"Oh AARON!"  Chance said laughing.

Having two fully working ears really does help:)


Friday, December 14, 2012

The remote

Chance is a responsible and organized boy which is a good thing.  Except, in the case of his remote for his implants, it was not enough.

We have lost the remote to Chance's implants. When we first realized that this new upgrade had a remote control, we immediately thought of the possibility of losing the remote.

We reasoned that Chance was older now and that should lessen the chance for a loss since he was old enough to be responsible and take care of his things.

We even designated a place in the house where the remote should go.....the implant drawer where batteries, stick ons(for the cover of the implant) and protective cases are kept.

We made it for a few months:)

We keep thinking the thing is going to turn up in some random place but so far it has kept itself well hidden.
Part of the problem, which we will be sure to address as soon as we actually find the dang thing, is that Chance tends to carry the remote around the house at night.

We need some sort of system like our phones have so we can page the remote.

The remote is awesome and a great tool to help change channels on the implant etc. and someday, we'll be able to utilize those options again.

Soon.  Hopefully soon.

Sunday, December 02, 2012

Honor Roll

Just a little poem to express some of my feelings about our journey with my sweet son Chance.

      A Chance To Hear

There once was a young boy who could not hear,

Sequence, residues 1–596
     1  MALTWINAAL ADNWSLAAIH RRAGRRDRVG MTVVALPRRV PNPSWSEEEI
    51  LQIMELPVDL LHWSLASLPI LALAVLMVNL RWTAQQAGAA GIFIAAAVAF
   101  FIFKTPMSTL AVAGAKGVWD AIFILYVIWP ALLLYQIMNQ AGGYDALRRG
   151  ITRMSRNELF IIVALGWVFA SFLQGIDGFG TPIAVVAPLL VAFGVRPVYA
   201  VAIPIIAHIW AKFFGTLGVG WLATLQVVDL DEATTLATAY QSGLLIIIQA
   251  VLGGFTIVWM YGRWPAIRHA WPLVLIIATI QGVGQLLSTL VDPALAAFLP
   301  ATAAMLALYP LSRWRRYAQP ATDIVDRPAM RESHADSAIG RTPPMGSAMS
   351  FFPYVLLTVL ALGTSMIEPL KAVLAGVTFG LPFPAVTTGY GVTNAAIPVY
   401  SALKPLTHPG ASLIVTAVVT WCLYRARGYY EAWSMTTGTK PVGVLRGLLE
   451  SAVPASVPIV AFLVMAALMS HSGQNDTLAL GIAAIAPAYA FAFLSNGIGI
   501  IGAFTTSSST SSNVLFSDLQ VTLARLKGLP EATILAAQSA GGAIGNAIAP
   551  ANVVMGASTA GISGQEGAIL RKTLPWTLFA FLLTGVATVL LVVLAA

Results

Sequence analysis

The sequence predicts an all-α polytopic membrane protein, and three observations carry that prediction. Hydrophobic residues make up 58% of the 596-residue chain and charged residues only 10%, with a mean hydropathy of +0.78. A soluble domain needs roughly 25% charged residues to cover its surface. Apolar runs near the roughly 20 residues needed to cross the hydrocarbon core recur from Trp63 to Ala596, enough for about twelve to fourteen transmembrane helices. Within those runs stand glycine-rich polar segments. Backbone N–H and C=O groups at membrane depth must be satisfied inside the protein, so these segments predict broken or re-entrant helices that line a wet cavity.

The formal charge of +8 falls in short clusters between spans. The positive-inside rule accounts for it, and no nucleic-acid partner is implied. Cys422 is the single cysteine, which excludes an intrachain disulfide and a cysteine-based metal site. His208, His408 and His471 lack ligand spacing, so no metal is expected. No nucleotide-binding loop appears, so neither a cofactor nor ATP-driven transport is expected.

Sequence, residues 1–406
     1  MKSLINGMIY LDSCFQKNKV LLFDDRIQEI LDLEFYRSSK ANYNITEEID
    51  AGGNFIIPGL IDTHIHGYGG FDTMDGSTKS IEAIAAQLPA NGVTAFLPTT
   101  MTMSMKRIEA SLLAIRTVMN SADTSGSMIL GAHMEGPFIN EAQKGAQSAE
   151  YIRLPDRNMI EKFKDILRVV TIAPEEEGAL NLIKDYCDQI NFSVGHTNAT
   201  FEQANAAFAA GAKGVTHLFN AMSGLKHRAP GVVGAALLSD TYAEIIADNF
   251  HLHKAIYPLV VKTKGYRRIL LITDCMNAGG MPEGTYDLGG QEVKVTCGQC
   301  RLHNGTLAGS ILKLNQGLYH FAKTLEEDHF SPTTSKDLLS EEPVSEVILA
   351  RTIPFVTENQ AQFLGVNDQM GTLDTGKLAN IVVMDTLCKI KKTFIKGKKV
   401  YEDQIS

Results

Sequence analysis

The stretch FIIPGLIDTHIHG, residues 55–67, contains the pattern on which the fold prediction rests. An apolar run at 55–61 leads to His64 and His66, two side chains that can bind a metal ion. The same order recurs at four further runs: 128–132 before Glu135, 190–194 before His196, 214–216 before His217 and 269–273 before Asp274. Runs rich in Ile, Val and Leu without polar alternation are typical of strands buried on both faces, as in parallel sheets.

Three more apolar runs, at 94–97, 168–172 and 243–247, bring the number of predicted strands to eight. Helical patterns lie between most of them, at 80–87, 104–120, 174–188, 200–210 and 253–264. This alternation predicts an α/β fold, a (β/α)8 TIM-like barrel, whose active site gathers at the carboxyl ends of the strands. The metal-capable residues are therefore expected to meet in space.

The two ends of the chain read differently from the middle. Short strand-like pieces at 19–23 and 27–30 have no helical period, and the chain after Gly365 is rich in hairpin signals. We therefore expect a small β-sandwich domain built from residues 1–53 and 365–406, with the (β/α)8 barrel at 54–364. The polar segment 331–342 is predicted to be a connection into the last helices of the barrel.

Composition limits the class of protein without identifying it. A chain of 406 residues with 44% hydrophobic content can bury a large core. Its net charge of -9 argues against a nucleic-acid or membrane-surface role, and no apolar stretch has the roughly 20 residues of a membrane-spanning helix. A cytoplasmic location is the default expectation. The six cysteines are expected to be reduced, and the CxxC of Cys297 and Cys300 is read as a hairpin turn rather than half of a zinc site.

he had been unable to express that he was deaf in both ears.

When the diagnosis was given, the doctors were leery,
what could they tell the boys parents who were shocked and weary?

Would this boy go to school with all of his peers,
would he ever regain the use of his ears?

Could he play sports and be active like his brother,
would he and his hearing cousins be able to bond with each other?

Would the neighborhood kids include him in their games,
could he hang out with his peers and feel just the same?

What would this boy be able to learn in school,
would he only communicate with other deaf people as a rule?

What were his possibilities for jobs and career,
would he be independent and interact with those that could hear?

Would his options in life be limited and created by others,
would his life be full of the same possibilities as  his brother?

How would this deaf boys life play out,
would he feel fullfilled and know what the world was about?

Would he realize that he was capable of anything he sent his mind to,
that he was smart, and could do anything anyone else could do?

Did he know how much he was loved even though he did not hear the expressions,
did he know  his parents were doing everything in their power to help him?

Did he feel when his mother held him that everything was going to be alright,
that together with his dad they would find what he needed no matter the fight?

Only time could tell what the boys future would hold,
everyone would have to wait and see what would unfold.

It soon became apparent that the boy was persistent,
he would work hard, over come, and be resistant.

After being behind his peers by two and a half years for many grades,
the boy  would begin to triumph and the gap would slowly begin to fade.

When his peers worked hard, the boy would work harder,
he was not content with just doing the minimum, he was determined to go farther.

After years of work, determination and incredible will,
the boy caught up and surpassed many of his peers and kept going still.

By junior high, and a failing implant that had to be replaced,
the boy was holding his own and moving at an accelerated pace.

As a sign of triumph and a testimony of what this boy could accomplish,
he completely immersed himself with his peers and caught  up from his early years

He had never given up and held strong to lofty goals,
and now a certificate from his school has let him know,

Despite all the obstacles, challenges and the unknown,
through the years the boy had persevered and grown,

And as just one of the tokens along the path has shown,
how far he has come, how far he has grown,

The boy brought home a certificate so that we all could know,
that CHANCE HAS MADE THE HONOR ROLL!